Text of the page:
Ideas I'm using this information for:

  • N64 Controller Reconnaissance - a PIC which intercepts and echoes console <--> controller communications and spits out the data to a PC through RS-232.
  • N64-PC Interface - There are a number of people already doing it. Here is why mine'sdifferent:
    • uses VERY simple interface -- one or two ICs
    • interfaces to game port like any other joystick
    • useable by any game through DirectX style interface
    • open-source, open design model
    • works with any N64 controller. Jittery third party units will work okay
    • works with Rumble and Memory Paks through standard interface
  • N64 Macro controller?
  • N64 Keyboard?

Email me if you're interested.


Last updated: 28 July 1999

N64 Controller Interface

Authored by Francisco Martin and Andrew Smith

The Nintendo 64 Controller Interface is an mbed library that allows one or more Nintendo 64 controllers to be used as input devices for the mbed. With this library, one will be able to control games created for an mbed using a Nintendo 64 controller. In addition, the library can easily be used to forward N64 inputs to a computer. Using the N64 Controller executable, one can communicate with multiple controllers.

The N64 Controller executable is it's own stand alone program. It is highly configurable including modifying keybindings to be used with an emulator or changing background colors for streaming and recording. The N64 also allows passive listening. During this setting, one can connect the N64 Controller Interface adapter to an Nintendo 64 and play normally. Connecting the computer simply displays button presses in the GUI . For more information on the N64 Controller program, check its section below.

The N64 Controller Interface requires the following additional devices:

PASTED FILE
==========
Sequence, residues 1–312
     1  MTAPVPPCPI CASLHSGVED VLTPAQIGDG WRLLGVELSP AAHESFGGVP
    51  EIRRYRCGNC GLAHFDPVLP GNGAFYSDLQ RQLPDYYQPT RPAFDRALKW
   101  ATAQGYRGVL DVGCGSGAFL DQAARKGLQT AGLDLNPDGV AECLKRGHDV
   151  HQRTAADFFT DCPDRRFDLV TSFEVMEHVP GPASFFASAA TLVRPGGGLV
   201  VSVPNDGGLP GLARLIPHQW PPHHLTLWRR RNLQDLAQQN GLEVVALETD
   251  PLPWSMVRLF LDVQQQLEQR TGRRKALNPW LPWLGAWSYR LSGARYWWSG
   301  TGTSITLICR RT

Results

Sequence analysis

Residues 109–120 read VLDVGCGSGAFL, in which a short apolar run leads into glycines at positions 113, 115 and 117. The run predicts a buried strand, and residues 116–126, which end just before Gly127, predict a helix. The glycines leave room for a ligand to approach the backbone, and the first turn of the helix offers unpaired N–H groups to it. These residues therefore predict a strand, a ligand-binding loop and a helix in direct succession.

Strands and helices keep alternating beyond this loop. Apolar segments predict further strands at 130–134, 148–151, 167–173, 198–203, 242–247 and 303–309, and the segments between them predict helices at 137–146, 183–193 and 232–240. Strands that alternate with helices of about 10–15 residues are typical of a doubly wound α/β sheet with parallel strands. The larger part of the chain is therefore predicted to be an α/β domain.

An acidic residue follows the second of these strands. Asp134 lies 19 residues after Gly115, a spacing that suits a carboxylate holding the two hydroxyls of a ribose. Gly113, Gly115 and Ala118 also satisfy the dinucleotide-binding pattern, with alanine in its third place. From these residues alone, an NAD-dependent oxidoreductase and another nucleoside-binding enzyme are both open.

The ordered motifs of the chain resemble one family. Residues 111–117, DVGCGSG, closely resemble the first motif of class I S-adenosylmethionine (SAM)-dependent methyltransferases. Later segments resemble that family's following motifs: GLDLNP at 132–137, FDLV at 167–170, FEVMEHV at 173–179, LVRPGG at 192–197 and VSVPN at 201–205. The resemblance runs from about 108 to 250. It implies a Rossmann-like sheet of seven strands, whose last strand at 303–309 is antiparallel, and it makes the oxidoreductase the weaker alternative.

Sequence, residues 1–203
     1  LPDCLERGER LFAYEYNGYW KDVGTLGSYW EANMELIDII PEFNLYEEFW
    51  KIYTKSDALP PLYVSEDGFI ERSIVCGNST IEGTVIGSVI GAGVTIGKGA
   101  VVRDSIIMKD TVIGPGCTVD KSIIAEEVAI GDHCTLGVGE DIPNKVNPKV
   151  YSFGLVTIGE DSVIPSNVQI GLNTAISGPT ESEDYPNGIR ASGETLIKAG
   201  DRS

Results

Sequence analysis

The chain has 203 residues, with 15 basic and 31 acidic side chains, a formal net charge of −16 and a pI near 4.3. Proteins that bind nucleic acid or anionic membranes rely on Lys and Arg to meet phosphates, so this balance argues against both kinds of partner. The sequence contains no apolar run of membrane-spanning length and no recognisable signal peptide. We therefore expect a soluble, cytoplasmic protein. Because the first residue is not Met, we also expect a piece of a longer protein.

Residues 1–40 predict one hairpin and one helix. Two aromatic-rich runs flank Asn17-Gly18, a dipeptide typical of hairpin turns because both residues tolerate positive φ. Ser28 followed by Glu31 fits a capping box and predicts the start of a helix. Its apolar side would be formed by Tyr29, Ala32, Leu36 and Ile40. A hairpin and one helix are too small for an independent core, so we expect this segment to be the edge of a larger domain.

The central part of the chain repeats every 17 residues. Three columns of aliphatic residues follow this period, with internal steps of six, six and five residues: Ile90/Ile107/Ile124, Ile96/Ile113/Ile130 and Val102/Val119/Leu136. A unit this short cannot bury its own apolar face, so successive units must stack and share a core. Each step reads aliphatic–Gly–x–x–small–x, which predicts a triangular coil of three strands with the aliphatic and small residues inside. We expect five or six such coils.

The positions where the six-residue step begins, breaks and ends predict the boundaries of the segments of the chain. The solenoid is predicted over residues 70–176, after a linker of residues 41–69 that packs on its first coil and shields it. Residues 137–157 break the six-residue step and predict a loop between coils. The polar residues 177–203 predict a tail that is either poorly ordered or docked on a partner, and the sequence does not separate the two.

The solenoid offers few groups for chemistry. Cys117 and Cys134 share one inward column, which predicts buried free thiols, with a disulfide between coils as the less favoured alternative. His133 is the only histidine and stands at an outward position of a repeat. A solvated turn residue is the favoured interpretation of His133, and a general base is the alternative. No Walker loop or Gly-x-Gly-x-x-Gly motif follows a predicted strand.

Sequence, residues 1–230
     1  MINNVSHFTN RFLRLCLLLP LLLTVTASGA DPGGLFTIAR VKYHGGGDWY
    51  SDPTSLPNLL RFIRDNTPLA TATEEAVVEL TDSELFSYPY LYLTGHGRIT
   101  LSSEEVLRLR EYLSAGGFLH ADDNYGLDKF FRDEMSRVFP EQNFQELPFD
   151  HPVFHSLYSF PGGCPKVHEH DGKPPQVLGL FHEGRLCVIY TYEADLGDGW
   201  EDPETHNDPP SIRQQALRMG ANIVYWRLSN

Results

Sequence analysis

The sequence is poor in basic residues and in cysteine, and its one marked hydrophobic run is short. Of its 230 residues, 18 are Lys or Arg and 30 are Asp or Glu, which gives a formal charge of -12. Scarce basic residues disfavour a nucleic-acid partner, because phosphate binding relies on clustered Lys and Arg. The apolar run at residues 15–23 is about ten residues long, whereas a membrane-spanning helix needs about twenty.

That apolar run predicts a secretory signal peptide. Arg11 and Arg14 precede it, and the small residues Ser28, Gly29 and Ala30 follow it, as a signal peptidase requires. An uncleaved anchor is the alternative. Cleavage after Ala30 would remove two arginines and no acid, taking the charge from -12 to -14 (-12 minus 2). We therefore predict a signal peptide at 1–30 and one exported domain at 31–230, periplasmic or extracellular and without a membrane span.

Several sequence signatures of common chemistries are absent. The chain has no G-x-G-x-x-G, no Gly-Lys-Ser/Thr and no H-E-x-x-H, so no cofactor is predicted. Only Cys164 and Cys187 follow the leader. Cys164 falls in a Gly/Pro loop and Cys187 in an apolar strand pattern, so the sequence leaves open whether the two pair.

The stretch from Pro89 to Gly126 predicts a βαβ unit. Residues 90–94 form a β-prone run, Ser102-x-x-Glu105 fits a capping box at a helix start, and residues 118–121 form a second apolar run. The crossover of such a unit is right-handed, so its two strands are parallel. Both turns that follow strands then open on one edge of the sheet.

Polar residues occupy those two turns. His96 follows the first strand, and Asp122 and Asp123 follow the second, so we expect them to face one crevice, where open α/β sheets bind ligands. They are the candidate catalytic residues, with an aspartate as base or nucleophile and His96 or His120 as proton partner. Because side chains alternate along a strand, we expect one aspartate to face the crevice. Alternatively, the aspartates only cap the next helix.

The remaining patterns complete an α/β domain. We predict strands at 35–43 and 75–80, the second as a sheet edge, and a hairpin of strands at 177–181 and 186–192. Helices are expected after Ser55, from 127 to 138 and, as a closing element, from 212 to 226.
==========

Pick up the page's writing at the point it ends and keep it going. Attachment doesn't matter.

• 1x Extension Cable for Nintendo 64 N64 Controller
  • 1x Nintendo 64 Controller
  • 1x Switch
  • 1x 2.2K Ohm Resistor

Wire Stripping and Soldering

1. Cut and strip the extension cable closer to the female end. Strip each internal cable on both ends.

N64 Controller Serial Protocol Sniffer

N64 Controller Serial Protocol Sniffer Tool

2. Solder stripped ends to pin wires.

3. Hide exposed wires with electrical tape and/or shrink tube.

Suggested Hookup

The following image is our suggested wiring schematic. Refer to this image when reading the following hookup tables.

Male End Extension Cable

Only necessary if you plan to have controller plugged into genuine N64 as well, and passively read inputs from controller instead of actively polling for them (not yet supported by the mbed library).

+ (red)Vout
- (white)GND
SignalParallel to Female End

Female End Extension Cable

+ (red)Vout
- (white)GND
Signalp25 (pull-up with 2.2K Ohm Resistor)

2.2K Ohm Resistor

N64 controller serial protocol sniffer download

Set to High parallel to the female end of the extension cable. The data pin (p25) should be pulled high, and must be set to OpenDrain mode in order transmit low values as well.

Test Video

To understand how to interface with an N64 controller, one must first understand the protocol that a genuine N64 uses to interface with the controller. All data is transmitted on a single, half-duplex wire (the signal wire plugged into pin 25 above). When this wire is idle, it is high (hence the pull-up resistor). If a falling edge is detected, it means that bits are being transmitted. Bits are transmitted in 4μs intervals. For a 0, the wire is low for 3μs and high for 1μs. For a 1, the wire is low for 1μs and high for 3μs. In order to read a bit, you must simply wait for a falling edge, and then read the wire 2μs after the falling edge. If the wire is high, the value is a 1, if it is low, the value is a 0. All transmissions end with a 1 bit that is not followed by a falling edge, called the signal bit.